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The Chores Involved In Maintaining a Home

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The end of the year traditionally signals the arrival of lists, yay! In a few months, we’ll be celebrating 10 years of living in our current house. Perhaps now is a good time to dig up a few not so fond memories of maintaining it. I’ve never really enjoyed the chores that come with it owning a property. However fun it might be to be forced to learn something new on very short notice because something broke, it’s never really fixed the way you wanted it to be: the right materials weren’t in stock, the time needed to invest in it was cut short, and/or most likely, the fix-it skills you attribute to yourself kind of suck, messing up the desired effect.

Let’s see here, what went wrong in the past ten years?

  • The toilet drainage system got clogged and we had to effectively dig up certain sections to see what’s going on;
  • A part of the roofing of the dormer started being not-so-leak-free;
  • A concrete slab as part of the driveway split in two;
  • A panel attached to the Velux skylights to keep out the sun was so brittle it crumbled into pieces;
  • Various attempts of wasps nesting under the bedroom window had to be fought off;
  • Various attempts at mice pestering us at night had to be fought off by crawling through the roof rafters (we’re losing the battle);
  • The water drainage system of the garage roof wasn’t properly connected to the one of the house. Another dig;
  • During the extreme heat in a recent summer, the parquet suddenly rose and even lifted the coffee table and TV cabinet, freaking out the cat (and us)—a piece had to be cut off because the previous owner didn’t leave enough space for it to breathe;
  • The shower cabin broke and had to be completely replaced;
  • Two screw plugs of curtain poles failed and almost brought down the entire thing;
  • There was no proper telephone cable attached to the main frame in the street. Another dig;
  • A piece of door had to be sanded off as it started jamming—this time not thanks to the heat but because of the humidity of the badly built hallway;
  • Various plastic or rubber grommets of the kitchen sink drainage deteriorated and replacements were nowhere to be found forcing us to replace more parts than really needed;
  • More rubber frustration: the ones sealing the windows got stuck and warped, blocking the closing system;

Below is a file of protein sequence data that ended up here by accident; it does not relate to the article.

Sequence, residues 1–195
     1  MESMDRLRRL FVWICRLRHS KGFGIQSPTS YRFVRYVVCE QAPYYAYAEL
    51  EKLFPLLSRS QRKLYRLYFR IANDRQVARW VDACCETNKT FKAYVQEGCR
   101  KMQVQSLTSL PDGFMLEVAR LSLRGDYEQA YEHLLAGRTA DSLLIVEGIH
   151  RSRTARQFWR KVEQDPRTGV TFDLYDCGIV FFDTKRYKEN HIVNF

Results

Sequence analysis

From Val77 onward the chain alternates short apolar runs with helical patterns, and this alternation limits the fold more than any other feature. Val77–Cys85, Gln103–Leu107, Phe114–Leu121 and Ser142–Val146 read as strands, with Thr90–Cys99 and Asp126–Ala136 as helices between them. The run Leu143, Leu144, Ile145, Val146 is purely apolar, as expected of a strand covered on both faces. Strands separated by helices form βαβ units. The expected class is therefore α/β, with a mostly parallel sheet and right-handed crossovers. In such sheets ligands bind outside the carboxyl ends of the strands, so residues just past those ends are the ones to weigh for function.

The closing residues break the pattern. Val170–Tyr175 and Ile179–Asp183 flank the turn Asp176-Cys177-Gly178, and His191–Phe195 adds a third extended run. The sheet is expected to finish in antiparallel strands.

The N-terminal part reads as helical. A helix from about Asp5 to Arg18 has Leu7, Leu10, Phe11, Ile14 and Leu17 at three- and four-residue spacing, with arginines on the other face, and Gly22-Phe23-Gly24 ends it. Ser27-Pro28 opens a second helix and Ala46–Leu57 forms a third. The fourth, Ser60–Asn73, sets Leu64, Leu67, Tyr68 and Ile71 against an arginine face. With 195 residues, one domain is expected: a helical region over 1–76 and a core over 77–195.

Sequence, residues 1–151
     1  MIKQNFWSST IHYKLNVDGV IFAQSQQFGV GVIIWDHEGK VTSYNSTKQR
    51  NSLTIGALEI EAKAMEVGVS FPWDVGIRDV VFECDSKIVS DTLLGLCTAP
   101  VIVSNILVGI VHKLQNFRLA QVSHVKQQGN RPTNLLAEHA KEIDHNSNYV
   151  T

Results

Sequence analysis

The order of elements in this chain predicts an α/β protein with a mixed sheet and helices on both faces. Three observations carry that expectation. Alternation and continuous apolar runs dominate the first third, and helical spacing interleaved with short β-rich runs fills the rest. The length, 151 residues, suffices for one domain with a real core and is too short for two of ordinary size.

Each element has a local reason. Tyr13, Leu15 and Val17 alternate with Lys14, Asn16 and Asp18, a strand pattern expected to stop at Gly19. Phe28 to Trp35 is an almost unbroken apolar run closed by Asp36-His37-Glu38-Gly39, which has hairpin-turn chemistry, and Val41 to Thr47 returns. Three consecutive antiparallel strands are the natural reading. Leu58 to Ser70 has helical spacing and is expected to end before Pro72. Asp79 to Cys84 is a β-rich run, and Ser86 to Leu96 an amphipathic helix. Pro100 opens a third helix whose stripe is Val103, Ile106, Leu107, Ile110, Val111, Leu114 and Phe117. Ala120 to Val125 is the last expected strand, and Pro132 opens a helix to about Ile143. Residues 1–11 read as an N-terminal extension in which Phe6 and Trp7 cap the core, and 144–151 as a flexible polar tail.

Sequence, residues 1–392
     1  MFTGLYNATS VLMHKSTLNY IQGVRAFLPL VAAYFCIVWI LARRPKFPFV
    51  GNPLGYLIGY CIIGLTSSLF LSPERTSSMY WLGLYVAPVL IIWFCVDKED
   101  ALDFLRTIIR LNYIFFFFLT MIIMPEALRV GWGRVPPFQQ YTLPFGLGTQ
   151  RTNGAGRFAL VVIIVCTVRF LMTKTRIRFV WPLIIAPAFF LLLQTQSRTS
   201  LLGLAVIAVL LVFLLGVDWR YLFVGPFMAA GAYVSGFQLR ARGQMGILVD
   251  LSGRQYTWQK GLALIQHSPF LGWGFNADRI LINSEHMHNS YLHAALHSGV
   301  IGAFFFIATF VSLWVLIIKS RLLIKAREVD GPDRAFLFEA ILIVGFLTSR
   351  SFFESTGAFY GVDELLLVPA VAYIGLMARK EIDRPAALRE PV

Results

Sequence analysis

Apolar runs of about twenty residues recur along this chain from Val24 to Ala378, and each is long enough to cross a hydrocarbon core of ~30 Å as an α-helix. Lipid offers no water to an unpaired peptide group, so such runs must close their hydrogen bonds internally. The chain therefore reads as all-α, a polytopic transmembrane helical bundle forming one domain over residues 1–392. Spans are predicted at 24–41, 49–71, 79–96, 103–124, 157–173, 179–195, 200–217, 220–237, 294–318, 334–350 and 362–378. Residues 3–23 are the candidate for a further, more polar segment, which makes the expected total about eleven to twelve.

• The central heating system broke down and had to be completely replaced;
  • A few years later, the solar panel installer short circuited the PCB of the heating system. It was freezing outside;
  • We want to renovate the garage but it turns out that its permits are not in order—of course they aren’t, what was I thinking;
  • The ridiculous misplacement of heating elements causes certain spots in our home to mold;
  • The wooden gate was bent out of shape to the point that its opening mechanism completely blocked. Another hefty investment was needed. We were told to wax the new wood every few months. We forgot once. It’s gray now.

This lovely list of course excludes the obligatory appliances misery:

  • The motor of the dryer broke;
  • Two years after replacing the motor, the circuit board of the dryer broke. We gave up and ordered another one. Why the washing machine is still alive alludes me;
  • The circuit board of the dishwasher broke;
  • A year after replacing the circuit board, the dishwasher stopped pumping in water. We gave up and ordered another one;
  • The dishwasher didn’t fit and we had to cut out a piece of the front panel close to the floor;
  • One heating element of the induction cooker broke (I’m getting pretty good at ignoring broken things);
  • The heating element of the oven burst open and had to be replaced;

And that excludes voluntary jobs such as repainting and redecorating, clearing out the old stove and sealing up the fireplace, building a vegetable garden or chicken fence, and pretending to be a master in bike repair. It also doesn’t cover things yet to do such as connecting the rainwater cistern to our toilets and trying to figure out why so many network cables leave the storage room without going anywhere.

Oh, and please let’s try to forget about the broken extension cords, lawnmowers, hedge shears, light bulbs, sockets, batteries, fallen mailbox with rotten wooden legs, overgrown of moss on the driveway cobblestones, …

Isn’t it great to own a place?

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Well, I’m almost sorry to say this, but I’m glad I’m not the only one! 😅

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I'm Wouter Groeneveld, a Brain Baker, and I love the smell of freshly baked thoughts (and bread) in the morning. I sometimes convince others to bake their brain (and bread) too.

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